We talked about this a couple of weeks ago, but there is a fraudulent “reform” outfit run by Democrat political operatives Trey Ourso and Eric Holl, who worked on the effort to re-elect John Bel Edwards which was bankrolled in large measure by billboard lawyers like Gordon McKernan and Morris Bart, seeking to derail efforts at tort reform in this year’s legislative session. They know they can’t stop a significant tort reform package from passing in both houses, but what Ourso and Holl are trying to do is to pick off enough Democrats and weak Republicans in the Legislature that an override of Edwards’ veto isn’t possible. Part of their strategy is to blame Insurance Commissioner Jim Donelon for high insurance rates.
This effort, which seems to be coordinated with Edwards’ allies in the legislature, includes a push to make one’s driving record the sole criterion for which insurance companies can set rates for car insurance premiums. On the surface that sounds like a good idea, but here’s a dirty little secret – you might be a fantastic driver who never even gets a speeding ticket, but that doesn’t mean the risk you pose to your insurer as to the potential of a claim is necessarily slight.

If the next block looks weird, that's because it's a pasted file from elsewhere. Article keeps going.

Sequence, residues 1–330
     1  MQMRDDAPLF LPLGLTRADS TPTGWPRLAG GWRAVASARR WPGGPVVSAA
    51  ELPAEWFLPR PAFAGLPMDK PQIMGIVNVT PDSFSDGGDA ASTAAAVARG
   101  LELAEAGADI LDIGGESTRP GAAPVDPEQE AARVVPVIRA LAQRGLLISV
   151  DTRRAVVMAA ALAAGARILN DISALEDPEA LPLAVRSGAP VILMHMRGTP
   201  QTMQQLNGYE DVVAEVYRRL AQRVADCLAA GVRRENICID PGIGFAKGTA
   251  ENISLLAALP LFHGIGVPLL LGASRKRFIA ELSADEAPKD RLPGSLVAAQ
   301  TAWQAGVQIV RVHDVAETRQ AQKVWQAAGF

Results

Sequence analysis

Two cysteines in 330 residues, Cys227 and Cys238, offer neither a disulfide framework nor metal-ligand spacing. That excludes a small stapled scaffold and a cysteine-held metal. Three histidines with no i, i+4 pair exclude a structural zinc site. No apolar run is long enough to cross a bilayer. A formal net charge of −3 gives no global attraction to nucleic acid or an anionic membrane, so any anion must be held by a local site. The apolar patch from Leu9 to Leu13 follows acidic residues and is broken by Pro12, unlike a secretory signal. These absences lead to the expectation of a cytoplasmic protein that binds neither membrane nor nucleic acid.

You might drive more than the average, leading to the greater possibility of an accident which isn’t your fault. You might live in a high-crime area, meaning your car could be stolen. And so on.
Therefore, insurance companies have built in all different kinds of actuarial factors leading to how rates are set. Some of them happen to be things that the modern Left doesn’t like.
For example, single people tend to be a worse risk than married people for auto insurance, and women tend to be a worse risk than men.
You can get as upset about those things as you like, but your feelings don’t change the data. Insurers act accordingly, because for them it’s a numbers game. They’ve got to be as accurate as possible betting on premiums vs. claims across a large cross-section of the public, because therein lies their ability to drive a maximum profit out of charging the lowest rates possible to pursue the largest share of the market they can get. All the “woke” crap they might come up with, they leave for the marketing department; the actuaries only have green eyeshades on.
So along comes Donelon, who has been doing this for decades and knows something about the insurance business, and at a speaking engagement he explains something about how the actuaries set insurance rates, and now Donelon is a villain. WAFB had the story…